Industrialization and Segregation vus. 8 ~ How was the transformation (change) of the American economy from a primarily agrarian



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Industrialization and Segregation
VUS.8 ~ How was the transformation (change) of the American economy from a primarily agrarian

(farming) to a modern industrial (factories) economy accomplished?

~ What were the major inventions that improved life in the United States?

~ In what forms did prejudice and discrimination take during this time period?

~ What do we emphasize “Jim Crow” and the responses of Booker T. Washington and

W.E.B. DuBois?

~ What were the causes and the impact of the Progressive Movement, include the excesses

of the Gilded Age, child labor and antitrust laws, the rise of labor unions, and the success

of the women’s suffrage movement?
During the period from the Civil War to World War I, the United States underwent an economic transformation (change) that involved a developing industrial (factory-based) economy, the expansion of big business, the growth of large-scale agriculture, and the rise of national labor unions and industrial conflict. Technological change spurred (encouraged) growth of industry primarily (mainly) in the northern cities. Both inventions and innovations (new ways of doing things) caused this technological change.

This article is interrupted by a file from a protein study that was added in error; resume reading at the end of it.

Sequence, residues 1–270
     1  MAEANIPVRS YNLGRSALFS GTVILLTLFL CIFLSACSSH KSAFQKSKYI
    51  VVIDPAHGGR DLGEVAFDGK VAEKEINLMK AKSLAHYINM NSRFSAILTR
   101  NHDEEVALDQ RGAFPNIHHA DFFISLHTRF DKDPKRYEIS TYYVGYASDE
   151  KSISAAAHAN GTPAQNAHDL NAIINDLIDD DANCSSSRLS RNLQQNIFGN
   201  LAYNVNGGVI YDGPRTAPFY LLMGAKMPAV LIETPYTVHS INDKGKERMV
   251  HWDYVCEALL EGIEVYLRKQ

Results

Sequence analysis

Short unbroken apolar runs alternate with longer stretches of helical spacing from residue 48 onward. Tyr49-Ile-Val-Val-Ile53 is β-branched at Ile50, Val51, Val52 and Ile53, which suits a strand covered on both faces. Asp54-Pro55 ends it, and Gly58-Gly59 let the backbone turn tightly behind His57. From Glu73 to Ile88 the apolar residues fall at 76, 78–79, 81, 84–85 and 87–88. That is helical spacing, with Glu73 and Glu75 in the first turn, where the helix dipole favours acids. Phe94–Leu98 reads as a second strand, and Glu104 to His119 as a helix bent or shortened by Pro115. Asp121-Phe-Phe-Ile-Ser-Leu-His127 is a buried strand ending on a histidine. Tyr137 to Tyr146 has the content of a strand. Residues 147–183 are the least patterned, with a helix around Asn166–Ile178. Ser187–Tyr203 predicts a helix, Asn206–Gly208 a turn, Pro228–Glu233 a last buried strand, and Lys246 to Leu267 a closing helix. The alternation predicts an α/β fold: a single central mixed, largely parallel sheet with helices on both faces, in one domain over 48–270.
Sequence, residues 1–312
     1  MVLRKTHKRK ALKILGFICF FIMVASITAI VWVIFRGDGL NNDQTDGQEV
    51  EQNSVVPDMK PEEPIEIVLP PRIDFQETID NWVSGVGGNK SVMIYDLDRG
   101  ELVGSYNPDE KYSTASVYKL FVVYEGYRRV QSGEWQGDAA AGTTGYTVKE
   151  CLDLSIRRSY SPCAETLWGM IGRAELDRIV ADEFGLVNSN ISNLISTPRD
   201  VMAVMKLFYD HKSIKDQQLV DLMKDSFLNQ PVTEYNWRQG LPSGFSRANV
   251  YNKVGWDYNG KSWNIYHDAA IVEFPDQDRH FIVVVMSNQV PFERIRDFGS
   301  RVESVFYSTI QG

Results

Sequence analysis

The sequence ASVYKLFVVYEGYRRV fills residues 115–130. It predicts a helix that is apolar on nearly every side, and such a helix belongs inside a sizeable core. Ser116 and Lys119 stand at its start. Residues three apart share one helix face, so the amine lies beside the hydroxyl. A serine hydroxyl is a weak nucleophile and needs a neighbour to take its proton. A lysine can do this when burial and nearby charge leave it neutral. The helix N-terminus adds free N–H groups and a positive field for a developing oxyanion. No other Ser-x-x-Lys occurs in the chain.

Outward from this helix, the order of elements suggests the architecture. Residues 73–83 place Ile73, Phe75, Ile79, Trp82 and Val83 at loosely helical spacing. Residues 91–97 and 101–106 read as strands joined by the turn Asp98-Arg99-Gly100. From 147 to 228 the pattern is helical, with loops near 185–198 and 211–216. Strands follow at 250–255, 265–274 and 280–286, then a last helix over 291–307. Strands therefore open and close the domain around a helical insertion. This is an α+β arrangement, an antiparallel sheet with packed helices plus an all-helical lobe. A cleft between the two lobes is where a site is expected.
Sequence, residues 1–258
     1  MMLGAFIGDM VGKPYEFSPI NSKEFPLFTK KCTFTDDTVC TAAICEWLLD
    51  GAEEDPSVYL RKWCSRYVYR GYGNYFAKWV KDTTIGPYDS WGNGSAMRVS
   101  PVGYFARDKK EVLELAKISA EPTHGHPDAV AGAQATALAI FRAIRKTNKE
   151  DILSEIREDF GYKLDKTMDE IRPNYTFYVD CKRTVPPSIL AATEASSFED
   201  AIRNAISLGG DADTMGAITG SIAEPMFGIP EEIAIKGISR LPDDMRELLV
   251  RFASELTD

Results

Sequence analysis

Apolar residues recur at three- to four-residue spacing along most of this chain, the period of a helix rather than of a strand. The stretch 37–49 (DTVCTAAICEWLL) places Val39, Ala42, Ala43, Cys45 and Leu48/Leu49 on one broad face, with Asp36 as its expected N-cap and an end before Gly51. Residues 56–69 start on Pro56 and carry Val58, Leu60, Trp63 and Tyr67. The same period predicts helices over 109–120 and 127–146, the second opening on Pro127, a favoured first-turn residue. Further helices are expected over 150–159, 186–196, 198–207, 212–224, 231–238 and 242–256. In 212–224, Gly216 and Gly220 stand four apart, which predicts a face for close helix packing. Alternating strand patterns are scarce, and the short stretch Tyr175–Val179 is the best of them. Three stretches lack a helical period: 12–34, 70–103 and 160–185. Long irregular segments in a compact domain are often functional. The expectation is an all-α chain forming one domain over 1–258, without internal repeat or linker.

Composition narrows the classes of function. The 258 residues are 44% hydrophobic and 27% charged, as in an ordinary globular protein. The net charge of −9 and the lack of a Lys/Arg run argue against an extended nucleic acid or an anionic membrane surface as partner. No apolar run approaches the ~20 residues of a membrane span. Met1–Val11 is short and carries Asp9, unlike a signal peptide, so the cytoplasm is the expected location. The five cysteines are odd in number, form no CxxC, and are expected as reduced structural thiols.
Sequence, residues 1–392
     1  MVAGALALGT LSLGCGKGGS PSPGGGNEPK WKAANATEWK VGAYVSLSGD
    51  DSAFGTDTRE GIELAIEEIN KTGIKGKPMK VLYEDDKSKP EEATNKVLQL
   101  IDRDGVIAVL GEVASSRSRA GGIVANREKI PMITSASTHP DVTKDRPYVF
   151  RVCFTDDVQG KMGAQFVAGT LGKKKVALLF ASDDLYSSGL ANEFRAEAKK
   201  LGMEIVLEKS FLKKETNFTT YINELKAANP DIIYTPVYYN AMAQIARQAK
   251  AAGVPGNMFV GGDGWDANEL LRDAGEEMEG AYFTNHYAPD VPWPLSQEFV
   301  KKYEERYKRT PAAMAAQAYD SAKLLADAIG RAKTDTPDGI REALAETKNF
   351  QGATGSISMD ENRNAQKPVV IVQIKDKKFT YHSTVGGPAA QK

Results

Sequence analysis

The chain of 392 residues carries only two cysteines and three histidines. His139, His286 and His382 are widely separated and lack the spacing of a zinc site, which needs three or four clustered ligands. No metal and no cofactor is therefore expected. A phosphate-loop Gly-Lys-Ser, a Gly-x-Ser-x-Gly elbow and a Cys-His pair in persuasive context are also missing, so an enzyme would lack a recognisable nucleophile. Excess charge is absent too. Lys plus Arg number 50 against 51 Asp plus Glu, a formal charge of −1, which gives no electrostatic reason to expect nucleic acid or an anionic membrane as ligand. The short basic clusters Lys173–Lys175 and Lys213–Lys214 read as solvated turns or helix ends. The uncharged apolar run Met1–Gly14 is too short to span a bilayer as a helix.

One major innovation was the development of the modern corporation. Corporations replaced family owned businesses as the main form of business organization in the United States. A corporation is a type of business that raises capital (money) through the sale of stock. Stock is shares of ownership in a corporation, and stockholders are part owners of the corporation. Two advantages of a corporation are its ability to raise large amounts of money through the sale of stock and limited liability. Limited liability (responsibility) means the corporation acts as an artificial legal person. It can sue and be sued, pay taxes, go into debt. Therefore, the corporation itself, rather than the individual stockholders, is responsible for the business’s actions. For example, cancer victims, who were smokers, have successfully sued tobacco companies for damages. However, only the tobacco corporation itself is liable; the individual stockholders are not personally responsible for causing the smokers to develop cancer.

Many inventions also stimulated (encouraged) the growth of industry in the United States during the late nineteenth and early twentieth centuries. First, the development of the Bessemer steel process made possible the large-scale production of steel. The Bessemer process was a cheap and practical method of making steel by forcing a blast of cold air through molten iron to clean it of impurities. Henry Bessemer, an Englishman, developed this process in 1857, while William Kelly of Kentucky claimed to have made the discovery before Bessemer. These two men’s rival patents were merged in the United States in 1866 and almost immediately American steel mills used the Bessemer process in steel production. Since steel is both lighter and stronger than the iron from which it is made, steel permitted the construction of skyscrapers in modern American cities. Second, Thomas Edison perfected the light bulb, making it financially practical for commercial and home use. Soon electricity became a major source of power and light. Third, Alexander Graham Bell invented the telephone. Fourth, the Wright brothers flew the first successful airplane. Fifth, Henry Ford used the first conveyor belt assembly line in the manufacture of automobiles. The conveyor belt brought the cars to the workers, each of whom performed a specific task in the assembly process.